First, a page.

Emphysema is another condition which can result in COPD. Emphysema is the widespread and irreversible destruction of the normal air sacs due to multiple causes. As emphysema progresses, larger and fewer air sacs (alveoli) are left behind due to the loss of tissue with collapse of the small airways leading to the alveoli. Many of these multiple cavities are lined by heavy black carbon deposits, reducing the amount of air and the area available for the exchange of oxygen and carbon dioxide which occurs during normal breathing. In other words, the result is reduced airflow. These small airways are also more likely to collapse, further limiting airflow.
Patients with emphysema exert a considerable effort during exhalation, which can cause a pink color in their faces. In COPD, the greatest reduction in airflow occurs when breathing out because the pressure in the chest tends to compress, rather than expand, the airways. In theory, airflow could be increased by breathing more forcefully, increasing the pressure in the chest during expiration. But the benefits of this are limited.
If the rate of airflow is too low, a person with COPD may not be able to completely finish expelling the air before needing to take another breath. This is particularly common during exercise. When this occurs, some air from the previous breath remains within the lungs when the next breath is started, resulting in an increased volume of air in the lungs (hyperinflation).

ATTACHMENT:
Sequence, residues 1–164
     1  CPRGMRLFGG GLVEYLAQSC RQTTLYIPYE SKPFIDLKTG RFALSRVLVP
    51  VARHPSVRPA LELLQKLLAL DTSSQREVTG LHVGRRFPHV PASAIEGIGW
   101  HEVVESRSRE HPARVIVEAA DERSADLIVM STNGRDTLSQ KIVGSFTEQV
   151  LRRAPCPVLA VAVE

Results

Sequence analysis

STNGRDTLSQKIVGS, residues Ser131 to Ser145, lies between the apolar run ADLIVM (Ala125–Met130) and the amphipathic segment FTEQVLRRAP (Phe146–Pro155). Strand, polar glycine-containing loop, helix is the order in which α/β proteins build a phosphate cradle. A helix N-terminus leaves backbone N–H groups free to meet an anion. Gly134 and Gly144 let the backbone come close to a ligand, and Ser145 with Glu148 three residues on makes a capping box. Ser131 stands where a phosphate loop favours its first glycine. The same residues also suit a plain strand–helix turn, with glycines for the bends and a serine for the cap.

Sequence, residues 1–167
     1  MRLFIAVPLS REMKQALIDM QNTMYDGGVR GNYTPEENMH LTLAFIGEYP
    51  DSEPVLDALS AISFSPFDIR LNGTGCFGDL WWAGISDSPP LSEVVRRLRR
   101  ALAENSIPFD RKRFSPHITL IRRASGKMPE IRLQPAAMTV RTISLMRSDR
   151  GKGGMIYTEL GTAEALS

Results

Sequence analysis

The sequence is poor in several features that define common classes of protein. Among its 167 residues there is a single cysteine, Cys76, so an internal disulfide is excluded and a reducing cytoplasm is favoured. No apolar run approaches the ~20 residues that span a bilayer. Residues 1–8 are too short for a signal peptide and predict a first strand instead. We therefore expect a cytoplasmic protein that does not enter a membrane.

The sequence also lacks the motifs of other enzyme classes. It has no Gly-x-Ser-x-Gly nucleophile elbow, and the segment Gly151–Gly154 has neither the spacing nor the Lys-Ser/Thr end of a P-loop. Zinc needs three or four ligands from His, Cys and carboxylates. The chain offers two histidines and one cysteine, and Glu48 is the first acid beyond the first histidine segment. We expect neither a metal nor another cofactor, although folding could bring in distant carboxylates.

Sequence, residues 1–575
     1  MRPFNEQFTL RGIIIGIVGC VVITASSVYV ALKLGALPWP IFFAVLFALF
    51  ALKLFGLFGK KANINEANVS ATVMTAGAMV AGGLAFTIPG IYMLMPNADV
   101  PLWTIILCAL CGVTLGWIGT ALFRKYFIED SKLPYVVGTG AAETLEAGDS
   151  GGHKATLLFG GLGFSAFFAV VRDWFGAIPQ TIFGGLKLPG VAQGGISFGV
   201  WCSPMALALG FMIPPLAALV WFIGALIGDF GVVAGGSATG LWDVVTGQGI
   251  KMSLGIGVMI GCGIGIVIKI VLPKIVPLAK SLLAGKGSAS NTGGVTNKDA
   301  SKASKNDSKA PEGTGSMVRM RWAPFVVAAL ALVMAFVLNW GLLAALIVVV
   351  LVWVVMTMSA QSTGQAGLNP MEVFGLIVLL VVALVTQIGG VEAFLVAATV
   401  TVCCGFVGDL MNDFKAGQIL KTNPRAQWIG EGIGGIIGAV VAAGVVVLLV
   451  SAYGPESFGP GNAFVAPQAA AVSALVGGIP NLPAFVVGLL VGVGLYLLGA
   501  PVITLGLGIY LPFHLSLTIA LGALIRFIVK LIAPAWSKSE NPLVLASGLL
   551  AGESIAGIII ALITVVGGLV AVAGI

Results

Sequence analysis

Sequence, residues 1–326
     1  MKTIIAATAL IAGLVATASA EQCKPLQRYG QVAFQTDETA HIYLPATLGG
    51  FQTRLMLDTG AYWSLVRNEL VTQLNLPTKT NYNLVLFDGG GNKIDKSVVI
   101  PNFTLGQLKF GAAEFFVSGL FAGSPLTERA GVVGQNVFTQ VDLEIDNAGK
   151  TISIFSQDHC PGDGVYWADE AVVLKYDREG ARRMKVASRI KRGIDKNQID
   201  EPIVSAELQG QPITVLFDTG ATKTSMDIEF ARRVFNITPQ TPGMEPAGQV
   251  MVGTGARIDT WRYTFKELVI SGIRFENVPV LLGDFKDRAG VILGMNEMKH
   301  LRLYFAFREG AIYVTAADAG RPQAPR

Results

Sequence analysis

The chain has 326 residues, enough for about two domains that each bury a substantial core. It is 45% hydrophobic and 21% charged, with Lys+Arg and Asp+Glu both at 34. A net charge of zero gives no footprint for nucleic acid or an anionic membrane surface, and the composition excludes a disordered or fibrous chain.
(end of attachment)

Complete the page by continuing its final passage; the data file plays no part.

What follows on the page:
Both of the above processes are linked to shortness of breath (dyspnea) in COPD. It is less comfortable to breathe with hyperinflation because it takes more effort to move the lungs and chest wall when they are already stretched by hyperinflation. Decreased oxygen absorption and carbon dioxide expiration further complicate the situation, requiring the patient to breathe faster and more deeply to compensate. As a result, the patient may still feel short of breath (dyspnea), and experience headache and drowsiness.
Advanced COPD can lead to complications beyond the lungs, such as undesirable weight loss, increased blood congestion in the lungs, and even heart failure. Osteoporosis, heart disease, muscle wasting and depression are all more common in people with COPD. An acute worsening of COPD symptoms (shortness of breath, quantity and color of phlegm) typically lasts for several days and may be triggered by an infection (caused by bacteria, viruses or both) in 75% or more of the deterioration.